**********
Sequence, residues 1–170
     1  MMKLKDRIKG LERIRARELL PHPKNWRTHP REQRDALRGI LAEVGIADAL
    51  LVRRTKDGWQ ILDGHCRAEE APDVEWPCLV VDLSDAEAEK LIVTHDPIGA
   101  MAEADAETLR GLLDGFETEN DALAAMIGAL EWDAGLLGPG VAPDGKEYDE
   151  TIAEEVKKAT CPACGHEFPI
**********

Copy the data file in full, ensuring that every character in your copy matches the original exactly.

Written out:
Sequence, residues 1–170
     1  MMKLKDRIKG LERIRARELL PHPKNWRTHP REQRDALRGI LAEVGIADAL
    51  LVRRTKDGWQ ILDGHCRAEE APDVEWPCLV VDLSDAEAEK LIVTHDPIGA
   101  MAEADAETLR GLLDGFETEN DALAAMIGAL EWDAGLLGPG VAPDGKEYDE
   151  TIAEEVKKAT CPACGHEFPI